I ordered a copy of The Collegian Chronicles years ago and was recently flipping through it. It’s a sort of history of Penn State from 1887 to 2006 through the pages of The Daily Collegian, the campus newspaper. Its dedication honors Ross Lehman, Class of 1941:

Ross B. Lehman, executive director emeritus alumni association in Office of Student Affairs, from Feb. 1, 1948, until his retirement April 1, 1983; died Dec. 12, 2003 at the age of 85.

Ross was one of the pillars of the State College/Penn State communities. He and his wife wrote a widely read Centre Daily Times column called “Open House” for decades, and like Joe and Sue Paterno he and his wife embodied some of the best aspects of the Penn State ethos. Skull and Bones at Penn State endowed an award in his honor:

It is given annually to a freshman who exemplifies the ideals of Skull and Bones: unselfish service and leadership to the Penn State University community, and the elimination of false pride, excessive self-esteem and grand ideas of personal glory.

A leadership award honoring virtues opposed to false pride, grand ideas of personal glory, etc. is somewhat distinctive now, isn’t it? Who talks like that any longer?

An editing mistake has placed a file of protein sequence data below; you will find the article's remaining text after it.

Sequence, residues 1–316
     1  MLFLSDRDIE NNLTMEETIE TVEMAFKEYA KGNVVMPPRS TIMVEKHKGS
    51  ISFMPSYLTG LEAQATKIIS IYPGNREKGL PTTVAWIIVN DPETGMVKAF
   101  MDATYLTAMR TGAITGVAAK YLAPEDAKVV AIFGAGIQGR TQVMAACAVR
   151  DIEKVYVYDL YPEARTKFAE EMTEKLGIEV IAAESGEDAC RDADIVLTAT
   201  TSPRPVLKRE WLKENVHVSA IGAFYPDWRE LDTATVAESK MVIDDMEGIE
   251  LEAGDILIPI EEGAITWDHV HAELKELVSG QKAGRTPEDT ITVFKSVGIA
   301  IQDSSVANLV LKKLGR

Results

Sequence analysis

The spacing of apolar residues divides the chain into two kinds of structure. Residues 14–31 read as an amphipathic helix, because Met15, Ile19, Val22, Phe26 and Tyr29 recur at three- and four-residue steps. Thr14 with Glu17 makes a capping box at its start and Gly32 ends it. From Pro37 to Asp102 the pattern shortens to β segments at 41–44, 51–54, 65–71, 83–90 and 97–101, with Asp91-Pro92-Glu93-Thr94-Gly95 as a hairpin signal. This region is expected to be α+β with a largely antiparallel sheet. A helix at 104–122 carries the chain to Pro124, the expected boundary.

The Collegian Chronicles is dedicated to Ross Lehman, and this bit stands out:

While in captivity in a German prison hospital, Ross recalled awakening one morning to see “the most beautiful, indescribable patch of blue” sky. It was his moment of revelation. “I said to myself at that moment, ‘Each minute of life is an eternity, and it’s how that minute is lived, how acutely one perceives it and absorbs it within his being, that determines how much a man becomes a sun: he generates or he explodes.”

Ross once advised: “Live nobly while you live. Tomorrow you may not die.”

Tomorrow you may not die. A hard phrase, like a needle in the eye of the “live like each day is your last” sentimentalism that justifies doing basically whatever.

I guess I’ll throw my chips in with the Ross Lehmans of the world, and try to be friends with those who do.